Hey Big Daddy,
Did you survive this year’s house of origin deadline? What do you think of this year’s deadline madness?
I watched, a little. And I threw my shoe at the TV screen. Then I had a drink. Then I turned it off. Then I had another drink.
Does anybody else out there think the Legislature should not be doing any other work until this budget mess is behind us? I mean, really, do we need 3,000 new laws this year? Stop me if you’ve heard this one before…
There are too many lawmakers who have too short a time here in Sacramento to be running around. So, yes, I watched as both houses stayed late, and did the people’s business. I watched as the mod squad flexed its muscles, and the elected representatives of the people of California acted on remote caller bingo, beverage recycling, waste tire hauling and guide dogs for the blind.
Am I missing something here? It all had a very deck-chairs-on-the-Titanic kind of feel to it. But I get it. Since this budget deal is going to be cut in some kind of senior staff meeting anyway, legislators need something to do. But watching this all go down is a bit surreal. It’s as if lawmakers are living in two different universes, both at the same time.
Well, make that three universes. Because after this is all done, they all head out to the local watering holes and shake lobbyists and their employers down for thousands in political contributions. The whole thing is a bit unseemly. Sure, sure, you can give me all your reasons about why fundraising needs to happen, how money equals speech and all that jazz. But if any of these folks are ever wondering why people have lost all faith in the Legislature as an institution, a quick read of the headlines in Rough and Tumble followed immediately by a run-down of the Daily Bread section of the Capitol Morning Report ought to shed some light.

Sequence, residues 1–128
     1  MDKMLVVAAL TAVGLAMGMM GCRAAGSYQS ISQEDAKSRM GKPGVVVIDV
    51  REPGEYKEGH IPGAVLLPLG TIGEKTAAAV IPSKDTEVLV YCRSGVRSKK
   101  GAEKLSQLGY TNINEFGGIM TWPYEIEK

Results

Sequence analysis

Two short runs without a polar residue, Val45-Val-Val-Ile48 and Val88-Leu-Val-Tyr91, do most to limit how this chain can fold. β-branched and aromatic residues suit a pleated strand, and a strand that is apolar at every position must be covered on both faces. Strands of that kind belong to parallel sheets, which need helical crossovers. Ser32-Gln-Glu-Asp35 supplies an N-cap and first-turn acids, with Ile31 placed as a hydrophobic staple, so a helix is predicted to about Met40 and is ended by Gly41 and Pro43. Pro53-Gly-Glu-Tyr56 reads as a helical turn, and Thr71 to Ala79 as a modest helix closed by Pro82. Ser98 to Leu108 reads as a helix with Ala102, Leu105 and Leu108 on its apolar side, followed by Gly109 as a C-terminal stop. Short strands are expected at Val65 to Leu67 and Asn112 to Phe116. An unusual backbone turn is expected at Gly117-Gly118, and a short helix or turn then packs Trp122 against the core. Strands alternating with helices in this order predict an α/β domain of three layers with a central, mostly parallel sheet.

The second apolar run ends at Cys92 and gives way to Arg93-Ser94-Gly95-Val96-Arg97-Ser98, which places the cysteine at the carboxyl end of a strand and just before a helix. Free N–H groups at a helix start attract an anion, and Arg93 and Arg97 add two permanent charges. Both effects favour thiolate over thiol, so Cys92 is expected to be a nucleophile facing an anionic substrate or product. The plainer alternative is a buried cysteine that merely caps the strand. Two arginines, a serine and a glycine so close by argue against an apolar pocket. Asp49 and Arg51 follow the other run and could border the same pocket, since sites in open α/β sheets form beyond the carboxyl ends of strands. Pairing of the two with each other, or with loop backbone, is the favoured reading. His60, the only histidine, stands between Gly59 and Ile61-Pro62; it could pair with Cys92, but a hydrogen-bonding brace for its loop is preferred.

Sure, we’re going to eliminate welfare programs and health care for poor kids and access to community colleges and college financial aid. But hey, if you want to talk about it, I’ll be hanging out by the shrimp puffs at Masons for $1,000 a plate.
Even I find it all a little unseemly.
Finally, a quick correction to what must have been an editing error, since this column does not make mistakes. Last week, in my tirade against whatever I was ranting about, I mentioned something about the governor appointing three former lawmakers to the Integrated Waste Management Board. In fact, the governor did appoint former Senator Carole Migden to the board. But two other former lawmakers, John Laird and Sheila Kuehl, were appointed by the Legislature.
Sufficed to say, the editor who injected that bit of nonsense into my flawless prose will be taken out and flogged.